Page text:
Let’s say you’re about to attend an IIA conference. (And let’s
further pretend it is in a near future where the concept of people getting
together in person has once again become normal.) You review the list of
interesting and exciting concurrent sessions with the intent of culling the
great from the almost-great when what to your wondering eyes should appear but
these two sessions: “Audit Smarter, Not Harder: Advanced Analytics” and
“Unleashing Technology and Science for Audit Excellence, Efficiency, and
If you are like countless other audit professionals looking to
find better ways to use the increasingly valuable technologies and data that
are out there, these would be must-see; attendance required, line up like Comic-Con;
tell your neighbors; wake the kids; highlight, underline, and bullet point;
do-it-do-it-do-it-do-it sessions. These would be sessions one should not miss.
Interesting fact. Those two sessions were held in 1996 during The IIA’s 55th International Conference in
Anaheim, Calif. .
It seems we’ve been interested in, but struggling with, the
issues of data, analytics, and technology for quite a long time.
To say that the technological possibilities available to internal
audit are a vast plain of nigh-on unending opportunity is to understate the
potential within our grasp. But it is similarly an understatement to say that
we are not the best at taking advantage of those opportunities.
Okay, let’s omit the niceties and cut to the chase. We stink.
We keep saying we will innovate. We keep saying we will use
technologies. We keep saying we will use data to drive better answers, results,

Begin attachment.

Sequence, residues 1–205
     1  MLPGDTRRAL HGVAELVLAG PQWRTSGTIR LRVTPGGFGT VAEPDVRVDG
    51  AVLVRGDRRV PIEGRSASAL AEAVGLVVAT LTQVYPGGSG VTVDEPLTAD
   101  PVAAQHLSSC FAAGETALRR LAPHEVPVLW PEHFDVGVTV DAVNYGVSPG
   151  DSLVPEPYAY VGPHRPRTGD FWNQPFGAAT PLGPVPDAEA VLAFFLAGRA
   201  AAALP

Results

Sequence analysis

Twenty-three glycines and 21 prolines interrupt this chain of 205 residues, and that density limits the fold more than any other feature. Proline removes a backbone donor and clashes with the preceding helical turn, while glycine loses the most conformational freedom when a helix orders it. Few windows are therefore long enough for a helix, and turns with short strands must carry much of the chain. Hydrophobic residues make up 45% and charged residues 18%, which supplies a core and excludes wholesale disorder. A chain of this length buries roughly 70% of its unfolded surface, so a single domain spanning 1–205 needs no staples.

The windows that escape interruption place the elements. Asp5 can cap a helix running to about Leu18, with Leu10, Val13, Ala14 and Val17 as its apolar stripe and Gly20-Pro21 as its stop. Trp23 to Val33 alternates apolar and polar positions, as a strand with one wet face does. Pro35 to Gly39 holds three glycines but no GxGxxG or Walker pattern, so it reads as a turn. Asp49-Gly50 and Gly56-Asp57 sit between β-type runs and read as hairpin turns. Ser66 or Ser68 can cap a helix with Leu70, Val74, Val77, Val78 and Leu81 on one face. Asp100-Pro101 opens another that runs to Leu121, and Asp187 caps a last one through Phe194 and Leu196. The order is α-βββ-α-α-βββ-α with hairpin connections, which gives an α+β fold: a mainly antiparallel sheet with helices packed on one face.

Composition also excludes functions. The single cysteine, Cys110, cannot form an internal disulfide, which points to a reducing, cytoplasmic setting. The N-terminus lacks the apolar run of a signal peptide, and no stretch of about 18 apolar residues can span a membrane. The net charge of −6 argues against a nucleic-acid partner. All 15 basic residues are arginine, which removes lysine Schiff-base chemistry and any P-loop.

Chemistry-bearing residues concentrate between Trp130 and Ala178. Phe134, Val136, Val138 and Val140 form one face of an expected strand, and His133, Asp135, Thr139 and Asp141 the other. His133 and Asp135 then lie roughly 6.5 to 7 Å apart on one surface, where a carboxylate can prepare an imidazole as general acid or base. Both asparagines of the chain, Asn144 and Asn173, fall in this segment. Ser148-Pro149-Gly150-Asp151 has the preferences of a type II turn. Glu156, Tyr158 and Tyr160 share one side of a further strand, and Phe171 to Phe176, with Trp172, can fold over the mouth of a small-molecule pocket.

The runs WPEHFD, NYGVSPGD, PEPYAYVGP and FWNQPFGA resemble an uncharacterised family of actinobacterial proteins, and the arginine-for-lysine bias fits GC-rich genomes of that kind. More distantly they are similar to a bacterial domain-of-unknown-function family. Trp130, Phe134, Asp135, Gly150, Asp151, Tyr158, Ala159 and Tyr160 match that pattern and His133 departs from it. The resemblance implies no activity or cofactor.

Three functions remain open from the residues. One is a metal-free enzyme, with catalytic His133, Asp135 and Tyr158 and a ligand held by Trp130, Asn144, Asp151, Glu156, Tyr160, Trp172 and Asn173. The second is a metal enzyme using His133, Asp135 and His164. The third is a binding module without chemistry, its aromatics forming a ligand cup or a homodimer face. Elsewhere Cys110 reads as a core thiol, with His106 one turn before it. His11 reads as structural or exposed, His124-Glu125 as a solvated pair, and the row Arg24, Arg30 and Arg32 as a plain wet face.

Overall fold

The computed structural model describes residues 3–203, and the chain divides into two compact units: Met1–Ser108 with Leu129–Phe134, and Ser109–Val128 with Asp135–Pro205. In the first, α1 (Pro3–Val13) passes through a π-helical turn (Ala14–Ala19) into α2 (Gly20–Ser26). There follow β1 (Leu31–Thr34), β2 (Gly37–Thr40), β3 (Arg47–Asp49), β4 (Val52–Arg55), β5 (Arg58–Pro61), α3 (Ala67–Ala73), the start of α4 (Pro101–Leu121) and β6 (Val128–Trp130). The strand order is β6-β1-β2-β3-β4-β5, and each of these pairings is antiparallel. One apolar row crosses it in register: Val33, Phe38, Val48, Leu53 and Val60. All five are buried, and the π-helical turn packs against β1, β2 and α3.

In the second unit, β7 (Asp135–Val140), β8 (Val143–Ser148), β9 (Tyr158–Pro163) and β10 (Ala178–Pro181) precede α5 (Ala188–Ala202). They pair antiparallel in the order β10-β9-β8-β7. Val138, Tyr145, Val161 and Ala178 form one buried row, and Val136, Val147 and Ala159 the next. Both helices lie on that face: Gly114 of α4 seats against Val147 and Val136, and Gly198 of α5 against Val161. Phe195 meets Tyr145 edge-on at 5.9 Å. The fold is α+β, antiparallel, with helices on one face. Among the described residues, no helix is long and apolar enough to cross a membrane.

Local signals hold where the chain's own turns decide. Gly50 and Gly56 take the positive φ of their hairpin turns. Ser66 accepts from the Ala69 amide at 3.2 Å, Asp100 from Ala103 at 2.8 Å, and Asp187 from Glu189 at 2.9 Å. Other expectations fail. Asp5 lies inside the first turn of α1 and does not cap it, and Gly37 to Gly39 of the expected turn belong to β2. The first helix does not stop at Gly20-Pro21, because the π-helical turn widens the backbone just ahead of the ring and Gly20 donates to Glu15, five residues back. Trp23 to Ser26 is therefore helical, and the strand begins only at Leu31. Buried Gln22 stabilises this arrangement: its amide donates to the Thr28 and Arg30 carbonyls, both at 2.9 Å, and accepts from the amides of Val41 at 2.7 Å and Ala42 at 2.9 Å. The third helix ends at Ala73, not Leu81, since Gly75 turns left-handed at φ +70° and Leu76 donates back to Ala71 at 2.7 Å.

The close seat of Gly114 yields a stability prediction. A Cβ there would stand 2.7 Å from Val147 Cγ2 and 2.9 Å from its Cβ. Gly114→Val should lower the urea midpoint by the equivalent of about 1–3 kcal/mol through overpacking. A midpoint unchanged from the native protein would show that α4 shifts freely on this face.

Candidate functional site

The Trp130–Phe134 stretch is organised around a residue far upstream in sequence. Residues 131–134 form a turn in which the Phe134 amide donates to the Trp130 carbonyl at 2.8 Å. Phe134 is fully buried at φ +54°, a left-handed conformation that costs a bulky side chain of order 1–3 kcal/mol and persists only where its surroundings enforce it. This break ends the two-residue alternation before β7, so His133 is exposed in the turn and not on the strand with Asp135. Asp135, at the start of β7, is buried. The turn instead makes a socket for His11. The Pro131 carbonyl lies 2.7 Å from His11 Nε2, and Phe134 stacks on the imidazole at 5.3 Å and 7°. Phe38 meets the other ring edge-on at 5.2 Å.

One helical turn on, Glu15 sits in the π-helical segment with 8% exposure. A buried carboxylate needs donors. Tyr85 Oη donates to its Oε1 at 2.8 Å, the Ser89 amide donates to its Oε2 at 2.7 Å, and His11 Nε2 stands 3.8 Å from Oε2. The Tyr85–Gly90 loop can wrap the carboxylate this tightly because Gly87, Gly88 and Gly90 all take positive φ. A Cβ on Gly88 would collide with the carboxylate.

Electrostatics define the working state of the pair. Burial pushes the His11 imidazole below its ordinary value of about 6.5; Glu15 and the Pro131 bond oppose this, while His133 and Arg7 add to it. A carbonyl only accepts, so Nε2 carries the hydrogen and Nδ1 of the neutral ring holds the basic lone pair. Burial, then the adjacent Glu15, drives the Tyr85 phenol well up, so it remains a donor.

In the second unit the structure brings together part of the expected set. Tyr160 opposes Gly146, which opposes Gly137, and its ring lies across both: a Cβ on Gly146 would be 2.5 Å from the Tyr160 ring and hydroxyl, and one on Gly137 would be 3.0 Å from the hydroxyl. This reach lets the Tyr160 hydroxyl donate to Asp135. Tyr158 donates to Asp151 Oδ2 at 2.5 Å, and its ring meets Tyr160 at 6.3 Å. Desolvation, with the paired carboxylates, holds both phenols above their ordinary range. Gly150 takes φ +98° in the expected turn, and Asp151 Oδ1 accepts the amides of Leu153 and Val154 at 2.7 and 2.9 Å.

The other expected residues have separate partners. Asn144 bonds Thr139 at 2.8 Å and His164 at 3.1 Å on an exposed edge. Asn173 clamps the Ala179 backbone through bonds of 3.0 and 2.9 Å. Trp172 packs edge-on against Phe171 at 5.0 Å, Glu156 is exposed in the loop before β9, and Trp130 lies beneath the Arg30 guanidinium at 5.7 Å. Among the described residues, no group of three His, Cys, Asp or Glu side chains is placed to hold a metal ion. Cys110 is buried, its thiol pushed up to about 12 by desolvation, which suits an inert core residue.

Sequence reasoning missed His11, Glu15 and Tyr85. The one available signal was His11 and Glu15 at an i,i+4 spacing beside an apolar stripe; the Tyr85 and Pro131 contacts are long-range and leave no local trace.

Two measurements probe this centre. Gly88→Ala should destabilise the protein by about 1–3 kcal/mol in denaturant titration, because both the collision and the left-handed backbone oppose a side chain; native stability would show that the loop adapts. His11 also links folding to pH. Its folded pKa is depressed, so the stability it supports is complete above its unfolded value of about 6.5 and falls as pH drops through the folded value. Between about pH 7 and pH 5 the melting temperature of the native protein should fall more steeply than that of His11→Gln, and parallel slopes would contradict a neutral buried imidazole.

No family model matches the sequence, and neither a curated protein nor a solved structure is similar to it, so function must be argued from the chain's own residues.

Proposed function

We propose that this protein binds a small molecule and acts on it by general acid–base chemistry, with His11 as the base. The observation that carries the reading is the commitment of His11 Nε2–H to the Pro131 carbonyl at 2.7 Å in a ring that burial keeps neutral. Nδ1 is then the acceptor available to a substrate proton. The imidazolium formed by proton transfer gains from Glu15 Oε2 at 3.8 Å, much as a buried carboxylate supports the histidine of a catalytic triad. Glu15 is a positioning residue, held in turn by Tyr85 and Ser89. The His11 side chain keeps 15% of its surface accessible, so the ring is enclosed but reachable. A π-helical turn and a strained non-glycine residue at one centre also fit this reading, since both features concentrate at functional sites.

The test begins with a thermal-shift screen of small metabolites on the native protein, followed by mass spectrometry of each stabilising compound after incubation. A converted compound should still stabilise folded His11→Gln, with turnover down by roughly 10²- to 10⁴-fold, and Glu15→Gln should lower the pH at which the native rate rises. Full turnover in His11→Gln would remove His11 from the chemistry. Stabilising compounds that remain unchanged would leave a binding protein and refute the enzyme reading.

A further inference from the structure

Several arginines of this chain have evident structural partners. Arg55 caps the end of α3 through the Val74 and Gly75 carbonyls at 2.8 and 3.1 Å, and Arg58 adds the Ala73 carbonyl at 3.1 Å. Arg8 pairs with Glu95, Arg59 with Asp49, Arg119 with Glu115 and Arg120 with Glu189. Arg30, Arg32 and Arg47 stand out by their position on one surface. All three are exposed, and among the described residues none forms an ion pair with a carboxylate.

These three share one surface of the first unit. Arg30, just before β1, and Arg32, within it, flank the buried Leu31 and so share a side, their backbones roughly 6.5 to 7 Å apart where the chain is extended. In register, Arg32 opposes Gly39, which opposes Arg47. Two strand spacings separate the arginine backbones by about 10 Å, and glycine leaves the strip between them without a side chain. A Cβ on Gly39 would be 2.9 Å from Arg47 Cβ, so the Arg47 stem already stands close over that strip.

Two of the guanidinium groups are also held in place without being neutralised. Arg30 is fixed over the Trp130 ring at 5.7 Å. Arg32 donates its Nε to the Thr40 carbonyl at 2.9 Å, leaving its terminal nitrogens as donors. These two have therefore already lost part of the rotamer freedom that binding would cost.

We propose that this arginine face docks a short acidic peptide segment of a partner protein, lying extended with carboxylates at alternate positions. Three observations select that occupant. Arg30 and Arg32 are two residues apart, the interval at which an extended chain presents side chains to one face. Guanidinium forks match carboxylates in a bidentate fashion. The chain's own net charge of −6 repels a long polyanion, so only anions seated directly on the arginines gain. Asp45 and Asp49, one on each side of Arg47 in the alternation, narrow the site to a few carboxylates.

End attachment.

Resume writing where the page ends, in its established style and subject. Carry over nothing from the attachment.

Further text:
and opportunities. We keep making promises, yet remain firmly seated in the
back of a long, long train where those in the front are evolving — finding
better and more resourceful ways to use technology — while those of us in the
back are being pulled into the future as we continue to promise “Honest,
tomorrow we’ll get better.”
Think I’m overstating it? Here’s a
little tidbit from The IIA’s 2018 North American Pulse of Internal Audit. The
category: “Internal Audit Implementation of Innovation.” The question: “What
best describes the degree to which your internal audit department has
implemented each of the following?” The percentages presented here represent participants
who said they had “full or partial implementation.” (No credit for those answering
“Implementation planned.” We have all seen far too many audit shops for whom “manana”
is the constant answer to “When will it actually get done?”)
Let’s take a look at the two easiest, should-have-been-a-slam-dunk
areas. Percentage of departments using data analytics: 62%. Percentage using
electronic workpapers: 77%
Sit and marvel at the inadequacy. We have been talking data
and technology for at least 25 years, yet almost one-fourth of audit
departments are not using something as essential as electronic workpapers and nearly
40% are not using data analytics.
As you marvel, let’s look back at how we all wound up
talking about this particular area.
Way back at the beginning of the year, well before the new
normal kept getting newer and less normal, I started a series of posts about
events from the prior decade where internal audit missed opportunities to make
a significant impact. And, while opportunities had been missed, I was also